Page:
Valentine’s Day can be a tough holiday, especially when you’re single, having a difficult time with friends, feeling disconnected from community or struggling with disordered eating. But here’s the good news: you can transform your Valentine’s Day to be a day of celebration! And here’s how:
1. Write your damn self a love note.
When was the last time that you explicitly expressed how much you appreciate yourself?
I tend to externalize love and give it to other people, and I often end up forgetting about myself. A great exercise in self-love is to practice putting into words the ways in which you appreciate yourself, as you are, right now, in this moment of your life.
You could also write affirmative quotes on post-it notes and put them somewhere you can read them.
2. Remember when you were in elementary school…?
Valentine’s Day was the best day ever. In our school, we used to staple decorated paper bags with our names on them to the wall, and each kid brought a piece of candy for everyone else. What I loved about this tradition was that it wasn’t discriminating—the love was meant for and shared with everyone universally, not only exclusively with family, friends or significant others.
Which brings us to our next point…
3. Random acts of kindness.
Carry on this spirit on non-discriminating love!
Keep in mind that people receive love in different ways, and, for some, baked goods, candies or food is going to be stressful. Consider carrying around an alternative for our friends who are struggling with disordered eating, such as handmade love notes or drawings.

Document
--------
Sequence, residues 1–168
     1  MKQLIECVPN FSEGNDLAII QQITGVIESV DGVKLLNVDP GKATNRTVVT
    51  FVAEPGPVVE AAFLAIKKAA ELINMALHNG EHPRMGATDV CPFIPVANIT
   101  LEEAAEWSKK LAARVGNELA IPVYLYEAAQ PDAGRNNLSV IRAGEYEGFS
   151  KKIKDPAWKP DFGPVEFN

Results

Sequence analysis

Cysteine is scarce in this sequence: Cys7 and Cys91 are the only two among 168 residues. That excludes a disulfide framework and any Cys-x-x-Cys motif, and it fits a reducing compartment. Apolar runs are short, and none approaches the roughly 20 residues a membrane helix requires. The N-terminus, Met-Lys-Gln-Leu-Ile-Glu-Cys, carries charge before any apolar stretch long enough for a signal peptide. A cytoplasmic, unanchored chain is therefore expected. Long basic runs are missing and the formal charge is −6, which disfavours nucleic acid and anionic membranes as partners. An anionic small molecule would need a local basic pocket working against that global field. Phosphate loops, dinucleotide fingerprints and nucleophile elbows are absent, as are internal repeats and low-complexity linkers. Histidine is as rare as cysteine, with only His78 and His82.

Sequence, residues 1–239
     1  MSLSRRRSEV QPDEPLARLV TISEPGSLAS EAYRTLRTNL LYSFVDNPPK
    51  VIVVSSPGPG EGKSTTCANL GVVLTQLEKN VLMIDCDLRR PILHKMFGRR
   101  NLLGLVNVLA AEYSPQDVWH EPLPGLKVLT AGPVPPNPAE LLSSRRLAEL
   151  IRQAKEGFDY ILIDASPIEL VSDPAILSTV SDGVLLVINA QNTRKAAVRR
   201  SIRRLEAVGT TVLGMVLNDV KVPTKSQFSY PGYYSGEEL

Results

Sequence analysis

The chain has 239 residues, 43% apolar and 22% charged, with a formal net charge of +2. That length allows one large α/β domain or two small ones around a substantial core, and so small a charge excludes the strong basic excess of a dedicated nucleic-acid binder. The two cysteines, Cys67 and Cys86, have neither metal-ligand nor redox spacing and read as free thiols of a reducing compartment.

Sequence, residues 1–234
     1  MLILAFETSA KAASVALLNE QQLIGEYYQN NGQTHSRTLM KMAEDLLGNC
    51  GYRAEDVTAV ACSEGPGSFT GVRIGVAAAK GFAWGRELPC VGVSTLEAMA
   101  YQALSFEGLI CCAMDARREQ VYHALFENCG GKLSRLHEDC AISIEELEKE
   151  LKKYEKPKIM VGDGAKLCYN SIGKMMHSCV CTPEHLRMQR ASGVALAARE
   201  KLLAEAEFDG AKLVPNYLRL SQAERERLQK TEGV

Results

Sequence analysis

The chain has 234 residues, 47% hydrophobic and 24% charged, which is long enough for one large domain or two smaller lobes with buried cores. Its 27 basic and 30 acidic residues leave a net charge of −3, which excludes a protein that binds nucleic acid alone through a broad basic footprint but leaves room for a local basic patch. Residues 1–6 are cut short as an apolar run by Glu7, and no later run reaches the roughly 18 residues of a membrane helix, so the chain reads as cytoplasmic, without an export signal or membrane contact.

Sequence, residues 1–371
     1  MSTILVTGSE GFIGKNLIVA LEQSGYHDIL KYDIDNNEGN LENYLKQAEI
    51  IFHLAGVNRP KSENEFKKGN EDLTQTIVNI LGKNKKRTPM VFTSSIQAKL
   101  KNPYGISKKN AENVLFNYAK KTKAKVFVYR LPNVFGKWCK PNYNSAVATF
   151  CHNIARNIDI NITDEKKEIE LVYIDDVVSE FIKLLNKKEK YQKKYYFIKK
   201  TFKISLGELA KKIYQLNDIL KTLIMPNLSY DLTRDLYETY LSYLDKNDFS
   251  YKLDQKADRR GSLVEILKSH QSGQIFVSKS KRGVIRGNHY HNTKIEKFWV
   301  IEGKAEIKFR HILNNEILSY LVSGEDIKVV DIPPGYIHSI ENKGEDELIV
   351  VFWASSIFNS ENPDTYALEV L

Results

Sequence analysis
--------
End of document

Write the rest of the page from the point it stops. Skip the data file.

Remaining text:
I have a friend, Hannah, who cut index cards in half, drew crazy monsters on them, and added googly eyes to the monster at the end. They each had wonderful sayings on them, like, “you are loved” or “you are enough,” and she gave them to people she knew who were struggling. These simple and beautiful acts of kindness can make people feel seen, loved, appreciated and cherished.
You could also write love letters to the people you love in your life—a relative, a friend, a teacher, a mentor, a person you say hello to on your daily commute, a stranger on the subway, a lover—there are endless possibilities. I think that, in our society, we tend to view love from a perspective of scarcity, only showing it to select people. But love exists in many forms, and it is exciting to imagine all of the different people who can be appreciated in your life!
4. Pay attention to how you’re feeling.
This is really important in general, and especially crucial on this day—Valentine’s Day is a charged day in a lot of different ways. Paying attention to how you are feeling and what you need during the day is important. Do you need to be with your friends? Alone? Do you need to watch an episode of your favorite comfort show? Do you need tea? A bath? A hug? Stay curious and open to how you’re feeling throughout the day and respect what you need moment to moment.
5. Reach out.
If you are struggling and need support, please reach out to someone. Society encourages us to only show ourselves to others when we are feeling good, and to hide in the shadows when we are feeling bad—try to fight that pressure. If you are not feeling well, and need the love and care of others, reach out to someone (or multiple people) in a way that feels good for you (texting, calling, FaceTiming, meeting in person). Also keep in mind that if they cannot support you in that moment, it does not reflect on your lovability or value.
Alison Znamierowski graduated from Wesleyan University with a B.A. in sociology.
A version of this piece originally appeared on Proud2Bme.org, NEDA’s website for young adults.